How Electric Car Works - Explained in Easy Way
What Are Electric Cars?
Electric cars are vehicles that replace a gasoline engine with an onboard battery pack and an electric motor (also known as an internal combustion engine). The on-board battery pack is charged by an electric power source, and the vehicle can also replenish the battery through regenerative braking.
How Do Electric Cars Work?
Lithium-ion batteries, which can be charged using an AC charger at home, power today's electric cars. Electric vehicles can also be charged quickly using DC power. Some long-range electric vehicles have a range of more than 350 miles when fully charged—enough to cover significant distances on a regular basis.
Types of Electric Cars
Electric Vehicles Come in a Variety of Shapes and Sizes
Pure electric cars and plug-in hybrids are the two primary forms of electric vehicles. To power an electric motor, these cars use a variety of methods:
Vehicle that runs entirely on electricity:
Rather than using an internal combustion engine, these automobiles merely transfer energy from a massive lithium-ion battery in the car's base to a very modest electric motor. The car is then propelled by the motor.
Hybrid electric vehicle with a plug-in charger:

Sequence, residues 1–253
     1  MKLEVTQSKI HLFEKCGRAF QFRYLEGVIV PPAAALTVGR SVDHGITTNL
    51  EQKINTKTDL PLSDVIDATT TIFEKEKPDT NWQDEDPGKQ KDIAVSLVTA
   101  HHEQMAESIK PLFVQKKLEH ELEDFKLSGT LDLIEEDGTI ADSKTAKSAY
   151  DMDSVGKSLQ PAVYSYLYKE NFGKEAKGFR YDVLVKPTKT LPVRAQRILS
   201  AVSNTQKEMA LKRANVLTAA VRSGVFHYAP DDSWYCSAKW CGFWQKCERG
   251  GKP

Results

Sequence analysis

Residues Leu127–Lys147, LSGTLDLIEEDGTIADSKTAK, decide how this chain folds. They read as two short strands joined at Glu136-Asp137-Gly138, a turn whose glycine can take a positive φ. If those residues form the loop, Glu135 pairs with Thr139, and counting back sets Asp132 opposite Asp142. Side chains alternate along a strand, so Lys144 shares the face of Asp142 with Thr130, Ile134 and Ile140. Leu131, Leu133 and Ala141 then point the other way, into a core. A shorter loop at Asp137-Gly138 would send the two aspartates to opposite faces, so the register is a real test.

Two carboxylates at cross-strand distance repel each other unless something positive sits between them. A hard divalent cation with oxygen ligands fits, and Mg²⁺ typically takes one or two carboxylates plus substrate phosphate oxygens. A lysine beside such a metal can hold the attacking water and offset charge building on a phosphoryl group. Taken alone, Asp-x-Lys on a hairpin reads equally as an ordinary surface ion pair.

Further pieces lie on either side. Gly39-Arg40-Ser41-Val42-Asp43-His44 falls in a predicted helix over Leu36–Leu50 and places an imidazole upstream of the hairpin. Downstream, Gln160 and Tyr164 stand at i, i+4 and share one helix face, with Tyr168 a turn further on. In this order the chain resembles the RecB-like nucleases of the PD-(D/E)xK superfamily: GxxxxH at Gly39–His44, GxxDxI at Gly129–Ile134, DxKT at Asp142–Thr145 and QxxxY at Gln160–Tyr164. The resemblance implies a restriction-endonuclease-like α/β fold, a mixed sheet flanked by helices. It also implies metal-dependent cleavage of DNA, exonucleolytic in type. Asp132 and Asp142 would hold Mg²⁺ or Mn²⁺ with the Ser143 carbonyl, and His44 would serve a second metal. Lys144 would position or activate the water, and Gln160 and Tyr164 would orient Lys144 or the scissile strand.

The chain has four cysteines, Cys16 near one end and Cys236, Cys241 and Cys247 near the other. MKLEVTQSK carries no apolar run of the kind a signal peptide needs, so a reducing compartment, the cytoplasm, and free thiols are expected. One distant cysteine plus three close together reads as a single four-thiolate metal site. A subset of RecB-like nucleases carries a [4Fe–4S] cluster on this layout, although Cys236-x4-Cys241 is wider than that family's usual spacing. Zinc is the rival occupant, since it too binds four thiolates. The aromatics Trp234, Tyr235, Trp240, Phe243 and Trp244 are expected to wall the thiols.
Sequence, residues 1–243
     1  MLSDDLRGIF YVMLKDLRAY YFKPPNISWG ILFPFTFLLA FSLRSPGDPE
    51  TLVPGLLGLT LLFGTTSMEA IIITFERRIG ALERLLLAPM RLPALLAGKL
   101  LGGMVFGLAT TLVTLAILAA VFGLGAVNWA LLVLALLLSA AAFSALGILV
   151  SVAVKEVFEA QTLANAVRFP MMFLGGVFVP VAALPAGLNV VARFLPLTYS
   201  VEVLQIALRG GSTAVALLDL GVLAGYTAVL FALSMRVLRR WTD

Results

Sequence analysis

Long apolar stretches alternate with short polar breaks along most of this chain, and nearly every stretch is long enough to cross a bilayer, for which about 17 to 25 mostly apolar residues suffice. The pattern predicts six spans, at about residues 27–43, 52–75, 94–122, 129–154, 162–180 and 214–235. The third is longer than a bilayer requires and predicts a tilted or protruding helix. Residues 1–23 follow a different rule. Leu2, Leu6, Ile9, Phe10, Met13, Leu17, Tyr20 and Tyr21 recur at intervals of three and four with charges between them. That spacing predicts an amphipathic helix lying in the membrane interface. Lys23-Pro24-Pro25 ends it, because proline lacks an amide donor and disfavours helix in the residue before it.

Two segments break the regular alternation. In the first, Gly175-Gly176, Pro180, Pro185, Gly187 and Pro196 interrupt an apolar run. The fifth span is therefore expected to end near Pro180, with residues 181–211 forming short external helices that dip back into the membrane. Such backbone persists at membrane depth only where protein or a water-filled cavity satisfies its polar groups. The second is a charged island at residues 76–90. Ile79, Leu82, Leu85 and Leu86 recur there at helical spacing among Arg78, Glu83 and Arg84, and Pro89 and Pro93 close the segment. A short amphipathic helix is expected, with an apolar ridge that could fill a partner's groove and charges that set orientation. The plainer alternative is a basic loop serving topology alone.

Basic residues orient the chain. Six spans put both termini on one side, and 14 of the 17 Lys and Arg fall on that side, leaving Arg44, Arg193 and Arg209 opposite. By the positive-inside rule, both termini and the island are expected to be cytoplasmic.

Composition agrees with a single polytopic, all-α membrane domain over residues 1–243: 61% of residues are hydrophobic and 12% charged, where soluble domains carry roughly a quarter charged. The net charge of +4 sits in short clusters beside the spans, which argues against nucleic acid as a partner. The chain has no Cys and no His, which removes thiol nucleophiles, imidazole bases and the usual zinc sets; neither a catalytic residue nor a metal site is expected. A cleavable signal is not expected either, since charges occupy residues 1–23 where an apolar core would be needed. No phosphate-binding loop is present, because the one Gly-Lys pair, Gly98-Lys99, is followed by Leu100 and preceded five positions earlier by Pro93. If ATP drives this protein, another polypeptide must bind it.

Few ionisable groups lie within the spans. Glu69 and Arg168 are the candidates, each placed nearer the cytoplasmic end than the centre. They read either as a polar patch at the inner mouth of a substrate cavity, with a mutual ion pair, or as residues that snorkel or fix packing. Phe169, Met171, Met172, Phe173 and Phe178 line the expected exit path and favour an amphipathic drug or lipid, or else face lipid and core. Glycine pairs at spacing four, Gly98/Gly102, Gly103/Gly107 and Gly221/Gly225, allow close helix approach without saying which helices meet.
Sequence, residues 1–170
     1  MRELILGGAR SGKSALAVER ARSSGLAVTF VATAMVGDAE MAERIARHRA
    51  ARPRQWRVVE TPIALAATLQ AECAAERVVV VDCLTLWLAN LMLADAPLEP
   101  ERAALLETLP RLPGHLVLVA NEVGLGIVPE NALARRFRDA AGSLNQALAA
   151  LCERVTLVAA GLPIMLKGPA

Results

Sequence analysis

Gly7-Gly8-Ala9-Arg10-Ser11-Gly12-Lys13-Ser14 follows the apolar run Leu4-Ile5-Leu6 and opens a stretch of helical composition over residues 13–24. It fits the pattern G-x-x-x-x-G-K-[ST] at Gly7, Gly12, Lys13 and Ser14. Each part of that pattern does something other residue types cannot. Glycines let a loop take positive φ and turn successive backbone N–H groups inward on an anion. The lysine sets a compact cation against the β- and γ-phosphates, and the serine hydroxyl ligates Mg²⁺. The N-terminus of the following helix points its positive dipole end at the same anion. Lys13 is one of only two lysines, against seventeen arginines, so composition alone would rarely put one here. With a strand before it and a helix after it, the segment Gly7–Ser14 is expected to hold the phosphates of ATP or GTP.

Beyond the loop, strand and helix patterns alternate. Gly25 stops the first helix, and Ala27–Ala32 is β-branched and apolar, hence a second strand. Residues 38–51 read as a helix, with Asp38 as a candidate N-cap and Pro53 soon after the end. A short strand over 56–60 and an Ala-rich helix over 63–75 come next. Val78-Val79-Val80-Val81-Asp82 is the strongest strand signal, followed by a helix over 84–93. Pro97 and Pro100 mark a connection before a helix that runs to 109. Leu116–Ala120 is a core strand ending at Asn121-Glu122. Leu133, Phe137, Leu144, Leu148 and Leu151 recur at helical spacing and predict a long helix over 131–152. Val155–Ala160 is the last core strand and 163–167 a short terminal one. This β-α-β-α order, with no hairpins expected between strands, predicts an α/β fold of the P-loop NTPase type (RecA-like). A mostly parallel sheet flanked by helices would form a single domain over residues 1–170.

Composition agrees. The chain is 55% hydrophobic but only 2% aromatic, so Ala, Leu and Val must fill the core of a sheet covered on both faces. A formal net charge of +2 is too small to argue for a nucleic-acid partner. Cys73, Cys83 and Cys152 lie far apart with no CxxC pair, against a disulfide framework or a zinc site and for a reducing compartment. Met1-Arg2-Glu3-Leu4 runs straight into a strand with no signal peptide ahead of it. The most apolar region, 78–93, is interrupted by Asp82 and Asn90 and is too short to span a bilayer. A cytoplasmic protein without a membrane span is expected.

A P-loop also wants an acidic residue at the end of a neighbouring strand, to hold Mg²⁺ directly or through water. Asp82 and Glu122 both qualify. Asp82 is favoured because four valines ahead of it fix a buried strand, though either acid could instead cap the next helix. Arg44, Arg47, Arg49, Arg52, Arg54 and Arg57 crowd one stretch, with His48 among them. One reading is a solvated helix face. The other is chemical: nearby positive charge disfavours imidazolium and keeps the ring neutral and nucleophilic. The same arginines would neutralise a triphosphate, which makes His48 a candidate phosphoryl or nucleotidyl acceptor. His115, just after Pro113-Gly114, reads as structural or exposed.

An electric motor and an internal combustion engine are combined in a plug-in hybrid electric vehicle (PHEV). Fill the petrol tank at a gas station or charge the batteries at an electric charging station to power a plug-in hybrid.
Electric automobiles are distinguished from conventional vehicles by the fact that they do not use gasoline, diesel, or other liquid fuels. They get their power from an electric charging station and store it in a battery pack on board. An electric car, unlike a typical vehicle, may employ regenerative braking to slow down while also charging the battery. This braking system slows the vehicle and converts kinetic energy into a source of energy that can be used to power the vehicle's components. This energy can also be stored by the car for subsequent use.